Watching her, one couldn’t tell that she’s 91 years old. Sitting on an elongated sofa in her quaint house filled with antiques, Julia K. Jordan, a retired Dallas ISD educator and counselor, flips through an album of old photographs. She stops at a page featuring a picture of a beautiful teenage girl dressed in a white debutante dress. The girl is Julia’s daughter, Leiwanda, who would later become a champion for equality during the Civil Rights Movement.
Oprah Winfrey and Bishop T.D. Jakes tackled the issue of fatherless households before thousands of people in two episode tapings of Oprah’s Lifeclass, which was held at the American Airlines Center on Aug. 29 during Jake’s three-day MegaFest festival.
Thousands of women gathered for the Woman Thou Art Loosed conference held during MegaFest, Aug. 28 through Aug. 31 at the Omni Hotel and the American Airlines Center at the Dallas Convention Center.
Water conservation, environmental safety and restoration, as well as education in science, technology, engineering and math, have been at the top of the state’s list of concerns in regard to the immediate and distant future of Texas. Behind the scenes, the U.S. Army Corps of Engineers has been active in engineering and implementing solutions to meet these challenges.
With a mission to empower women who have suffered oppression and marginalization, and whose homelands have been devastated by genocide, war and poverty, the Institute for Economic Empowerment of Women held its Peace Through Business program last month. Founded in 2006 by Dr. Terry Neese, an entrepreneur, pilot and political strategist, IEEW promotes women’s leadership and entrepreneurship through education and mentoring strategies.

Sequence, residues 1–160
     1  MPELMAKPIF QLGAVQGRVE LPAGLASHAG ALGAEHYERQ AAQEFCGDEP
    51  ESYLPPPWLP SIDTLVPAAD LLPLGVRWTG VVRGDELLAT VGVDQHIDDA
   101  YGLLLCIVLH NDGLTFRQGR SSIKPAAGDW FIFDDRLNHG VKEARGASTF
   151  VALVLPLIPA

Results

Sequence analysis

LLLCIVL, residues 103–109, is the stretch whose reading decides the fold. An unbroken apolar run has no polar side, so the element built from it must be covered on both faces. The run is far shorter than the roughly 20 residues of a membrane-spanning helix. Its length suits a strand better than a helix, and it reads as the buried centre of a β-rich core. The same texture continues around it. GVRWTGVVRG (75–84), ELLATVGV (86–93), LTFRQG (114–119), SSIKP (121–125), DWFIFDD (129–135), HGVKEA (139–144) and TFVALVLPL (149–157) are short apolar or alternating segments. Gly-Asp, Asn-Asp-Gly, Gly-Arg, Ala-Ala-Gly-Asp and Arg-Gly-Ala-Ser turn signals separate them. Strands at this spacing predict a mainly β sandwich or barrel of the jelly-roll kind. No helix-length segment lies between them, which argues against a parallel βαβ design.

In an endeavor to allow health centers to reach uninsured Americans and assist them with enrolling in health insurance, $150 million was awarded to 1,159 health centers across the country, according to an announcement by Health and Human Services Secretary Kathleen Sebelius and Health Resources and Services Administrator Mary Wakefield on July 10.
Education Secretary Arne Duncan and U.S. Health and Human Services Secretary Kathleen Sebelius led a national effort last month to highlight the importance of a high-quality education for every child, from the start. During online panel discussions, experts urged viewers to demand that early learning investments begin with babies and toddlers during a virtual rally on July 8. The event, “Rally 4 Babies: Learning Happens from the Start,” was streamed live on YouTube using Google + Hangouts on Air.